Delta Air Lines employees are speaking out after they say the company’s new uniforms have given some of them rashes and breathing problems.
The airline unveiled its new line of uniforms for its employees last May. It didn’t take long for the excitement of the uniform launch to turn into concern from some of Delta’s 64,000 employees.
Three flight attendants spoke with NBC10 Boston on the condition of anonymity for fear of losing their jobs. They said the uniforms have made them sick and the airline has not been responsive in helping them out.
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"I was experiencing breathing issues," an employee named Alex told NBC10 Boston. "My nose was running all the time. I was coughing and fatigued."
Alex said he believes the issues were caused by the new uniform, and he is not alone.
"I was tugging at my mock turtleneck at work, trying to get some air, and I just couldn’t get any and my hair was falling out," another Delta employee named Jordan said.
Some employees are speaking out on an online forum to share information about the rashes and burns they say they’ve gotten as a result of the uniforms.
One commenter posted a picture of a rash all over their neck and wrote, "I've had my uniform on for exactly 30 minutes..."
Another commenter said their face broke out after wearing a sweater set.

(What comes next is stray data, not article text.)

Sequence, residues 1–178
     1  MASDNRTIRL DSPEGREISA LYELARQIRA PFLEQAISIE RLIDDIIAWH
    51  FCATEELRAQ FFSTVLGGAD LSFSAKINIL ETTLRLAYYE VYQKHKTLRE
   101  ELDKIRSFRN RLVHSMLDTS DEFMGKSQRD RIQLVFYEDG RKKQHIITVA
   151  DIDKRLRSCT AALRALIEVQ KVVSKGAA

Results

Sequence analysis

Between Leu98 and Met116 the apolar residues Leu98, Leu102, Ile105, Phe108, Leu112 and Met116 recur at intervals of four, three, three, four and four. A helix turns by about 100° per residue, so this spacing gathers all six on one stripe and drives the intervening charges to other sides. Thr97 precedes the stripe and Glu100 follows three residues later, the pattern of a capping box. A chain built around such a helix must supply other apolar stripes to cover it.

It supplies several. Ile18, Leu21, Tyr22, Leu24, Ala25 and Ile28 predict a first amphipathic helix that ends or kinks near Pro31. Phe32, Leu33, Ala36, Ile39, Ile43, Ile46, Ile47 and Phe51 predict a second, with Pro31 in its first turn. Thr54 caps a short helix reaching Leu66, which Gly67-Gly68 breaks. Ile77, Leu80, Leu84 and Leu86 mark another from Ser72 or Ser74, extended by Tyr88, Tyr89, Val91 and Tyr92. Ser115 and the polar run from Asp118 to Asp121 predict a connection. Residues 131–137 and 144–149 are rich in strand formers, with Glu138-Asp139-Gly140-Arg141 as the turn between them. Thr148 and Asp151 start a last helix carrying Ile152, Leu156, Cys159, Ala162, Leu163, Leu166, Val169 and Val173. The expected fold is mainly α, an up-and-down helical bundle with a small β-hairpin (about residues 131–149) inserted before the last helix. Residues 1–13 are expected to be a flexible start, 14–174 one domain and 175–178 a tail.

Delta has responded to the claims and said in a statement that it is working on a solution to the issue.
"We want our employees to be able to safely wear the new garments with pride. Although Delta and Lands’ End conducted in-depth testing during every step of development, a small number of employees have reported skin irritations. While less than one percent of employees in the new uniform program have reported issues, Delta takes this very seriously and is working directly with employees on solutions that meet their individual needs."
Some people have been allowed to wear an alternative uniform after they discussed their concerns. Others have not been as fortunate.
"At first, they were willing to help. But then after that, they became extremely stubborn with allowing me to get back to work and allowing me to get out of the uniform," a Delta employee named Bobby told NBC10 Boston.
Delta admits the company previously had problems with the "Passport Plum" color of the uniform. Some of the dye was rubbing off onto what it came into contact with. Towels, bras undershirts, seatbelts and even chairs were being stained after coming into contact with the clothing.
"When outfitting as many as 65,000 employees, issues with how different employees react to a garment can occur for a variety of reasons," said Lands' End, the company that worked with Delta on the new uniforms. "We take each concern seriously and we work closely with Delta to attempt to find a solution that enables the employee to have a uniform that is both comfortable and functional."
Bruce Maxwell, an attorney from Jacksonville, Florida, said he’s had dozens of Delta employees contact him with their issues with the new uniform.
"It's time for the wheels to be in motion to have some accountability," he said. "If Delta wants to have this family image amongst its employees, well, they need to treat them like that. Step up to the plate, do the right thing, acknowledge the problem and try to fix it."
Although he hasn’t filed a lawsuit himself, Maxwell plans to file worker’s comp claims for some flight attendants in Atlanta. Two Delta flight attendants have filed a proposed class-action lawsuit against Lands’ End, according to the Atlanta Journal-Constitution.
The National Institute for Occupational Safety & Health, part of the CDC, says it is "currently in the beginning stages of collecting information for the health hazard evaluation request by Delta employees."